Of the three multiethnic countries that dissolved in the aftermath of the Cold War, Czechoslovakia fared the best. The two successor states suffered none of the violence, economic catastrophe, or political discord that Yugoslavia and the Soviet Union experienced. Indeed, the relations between Prague and Bratislava are probably better now than they’ve ever been. The… Continue reading The Slovak Example
The world will not end with bang or a whimper. It will end with the silent slither of jellyfish. Literally. And figuratively. On the literal level, jellyfish are indeed taking over. As a result of global warming, overfishing, and fertilizer runoff, these surprisingly hardy creatures are spreading into new territory. Certain jellyfish can kill you. If… Continue reading The Jellification of Politics
I arrived in Istanbul last September just as protests were flaring up throughout Turkey. An activist had died at a protest in a southern city, one of several victims of the confrontations with riot police over the last year. By the time I got to Taksim Square in the heart of the city, the riot… Continue reading Standing Up in Turkey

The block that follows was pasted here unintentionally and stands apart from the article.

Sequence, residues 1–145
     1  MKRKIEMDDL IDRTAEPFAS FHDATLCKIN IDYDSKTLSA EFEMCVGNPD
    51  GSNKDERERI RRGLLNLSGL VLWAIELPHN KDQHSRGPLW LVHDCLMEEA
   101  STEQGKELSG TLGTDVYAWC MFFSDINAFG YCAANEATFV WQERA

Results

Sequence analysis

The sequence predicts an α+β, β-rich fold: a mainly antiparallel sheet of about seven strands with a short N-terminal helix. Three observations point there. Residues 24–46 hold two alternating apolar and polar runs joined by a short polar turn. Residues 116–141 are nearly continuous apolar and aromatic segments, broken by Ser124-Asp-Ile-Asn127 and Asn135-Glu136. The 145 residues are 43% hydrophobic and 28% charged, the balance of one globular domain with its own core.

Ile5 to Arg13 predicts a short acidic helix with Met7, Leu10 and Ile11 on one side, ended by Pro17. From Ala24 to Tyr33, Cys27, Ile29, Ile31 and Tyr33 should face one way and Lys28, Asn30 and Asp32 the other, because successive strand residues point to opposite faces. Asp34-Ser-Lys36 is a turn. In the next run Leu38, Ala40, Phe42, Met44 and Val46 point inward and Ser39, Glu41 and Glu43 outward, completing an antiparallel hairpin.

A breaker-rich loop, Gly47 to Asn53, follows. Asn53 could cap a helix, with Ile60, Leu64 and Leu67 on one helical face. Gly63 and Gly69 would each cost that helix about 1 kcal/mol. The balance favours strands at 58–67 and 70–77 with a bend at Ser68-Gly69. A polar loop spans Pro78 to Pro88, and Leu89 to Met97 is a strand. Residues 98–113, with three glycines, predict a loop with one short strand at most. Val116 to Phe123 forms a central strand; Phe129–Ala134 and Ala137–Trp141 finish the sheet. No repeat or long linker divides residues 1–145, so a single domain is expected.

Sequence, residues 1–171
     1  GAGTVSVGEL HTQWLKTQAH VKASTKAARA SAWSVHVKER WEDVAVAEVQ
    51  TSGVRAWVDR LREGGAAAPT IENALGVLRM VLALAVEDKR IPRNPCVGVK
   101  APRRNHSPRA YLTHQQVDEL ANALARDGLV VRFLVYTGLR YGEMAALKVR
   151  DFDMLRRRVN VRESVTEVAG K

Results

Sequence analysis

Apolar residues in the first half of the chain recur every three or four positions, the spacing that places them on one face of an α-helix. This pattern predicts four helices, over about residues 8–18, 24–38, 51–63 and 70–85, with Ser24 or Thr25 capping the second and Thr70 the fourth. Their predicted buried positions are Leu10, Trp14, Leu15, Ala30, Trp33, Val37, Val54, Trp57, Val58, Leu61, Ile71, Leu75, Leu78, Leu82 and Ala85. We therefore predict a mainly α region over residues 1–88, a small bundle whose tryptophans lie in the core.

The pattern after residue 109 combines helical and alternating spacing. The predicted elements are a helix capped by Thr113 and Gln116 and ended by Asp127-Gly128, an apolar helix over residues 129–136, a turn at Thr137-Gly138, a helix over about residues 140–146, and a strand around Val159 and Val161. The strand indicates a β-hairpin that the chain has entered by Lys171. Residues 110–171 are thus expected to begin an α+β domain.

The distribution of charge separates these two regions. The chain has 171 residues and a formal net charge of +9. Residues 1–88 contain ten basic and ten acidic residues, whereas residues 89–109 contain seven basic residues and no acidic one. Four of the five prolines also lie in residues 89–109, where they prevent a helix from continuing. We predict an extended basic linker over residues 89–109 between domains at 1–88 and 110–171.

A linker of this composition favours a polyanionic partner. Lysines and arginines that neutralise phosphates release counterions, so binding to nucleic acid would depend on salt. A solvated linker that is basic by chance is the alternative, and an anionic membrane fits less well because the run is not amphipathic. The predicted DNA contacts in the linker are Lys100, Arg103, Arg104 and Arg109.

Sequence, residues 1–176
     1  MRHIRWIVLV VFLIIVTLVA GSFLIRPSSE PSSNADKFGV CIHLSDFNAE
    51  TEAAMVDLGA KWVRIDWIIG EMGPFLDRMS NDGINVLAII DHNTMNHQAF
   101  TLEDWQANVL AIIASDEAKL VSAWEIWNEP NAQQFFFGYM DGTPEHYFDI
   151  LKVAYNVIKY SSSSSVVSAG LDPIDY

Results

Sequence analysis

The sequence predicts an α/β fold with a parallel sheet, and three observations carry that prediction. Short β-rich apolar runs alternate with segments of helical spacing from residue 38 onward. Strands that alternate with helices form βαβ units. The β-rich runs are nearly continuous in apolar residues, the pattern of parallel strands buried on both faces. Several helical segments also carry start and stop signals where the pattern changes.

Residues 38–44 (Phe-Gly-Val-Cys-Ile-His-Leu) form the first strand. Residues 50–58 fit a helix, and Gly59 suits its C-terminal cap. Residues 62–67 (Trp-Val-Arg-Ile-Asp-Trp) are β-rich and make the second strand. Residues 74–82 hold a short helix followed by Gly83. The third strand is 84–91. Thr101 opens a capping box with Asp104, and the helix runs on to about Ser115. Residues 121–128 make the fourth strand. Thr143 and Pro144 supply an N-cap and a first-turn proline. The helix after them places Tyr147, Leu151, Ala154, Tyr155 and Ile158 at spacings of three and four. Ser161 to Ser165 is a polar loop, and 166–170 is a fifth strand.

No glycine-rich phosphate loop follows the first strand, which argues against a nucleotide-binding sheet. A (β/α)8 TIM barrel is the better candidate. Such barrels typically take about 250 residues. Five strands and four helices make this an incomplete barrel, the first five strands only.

During the Communist era, the governments in East-Central Europe tried to shoehorn art into the category of socialist realism. Artists were reconfigured as cultural workers who ideally created works to advance society in the same way that a steelworker shaped pig iron to advance skyscraper construction. The overlap was often quite direct. Many paintings and… Continue reading Public, Private, and Political Art
I took a break from interviews when I was in Prague to go with my wife on an excursion to Marianske Lazne in the western part of the Czech Republic. This is the famous Marienbad, the spa that attracted celebrities from all over Europe in the 19th century –Goethe, Chopin, Edison, Wagner – to take… Continue reading Making the Best Food in the Czech Republic
It started as a peaceful revolt. It descended into a civil war that has so far claimed over 100,000 casualties and ejected nearly one-third of the population from their homes. Even worse, it has broadened into a regional conflict in which neighboring countries and their proxies try to tip the balance of power in a… Continue reading Syria: What’s Next?
When I started working on U.S.-Soviet relations in the 1980s, I encountered my first GONGO. This was a “government-organized non-governmental organization.” It was like something out of Alice in Wonderland. An early GONGO, the Soviet Peace Committee styled itself as an NGO. It worked with various NGOs in the West. But it closely hewed to… Continue reading Creating an NGO Culture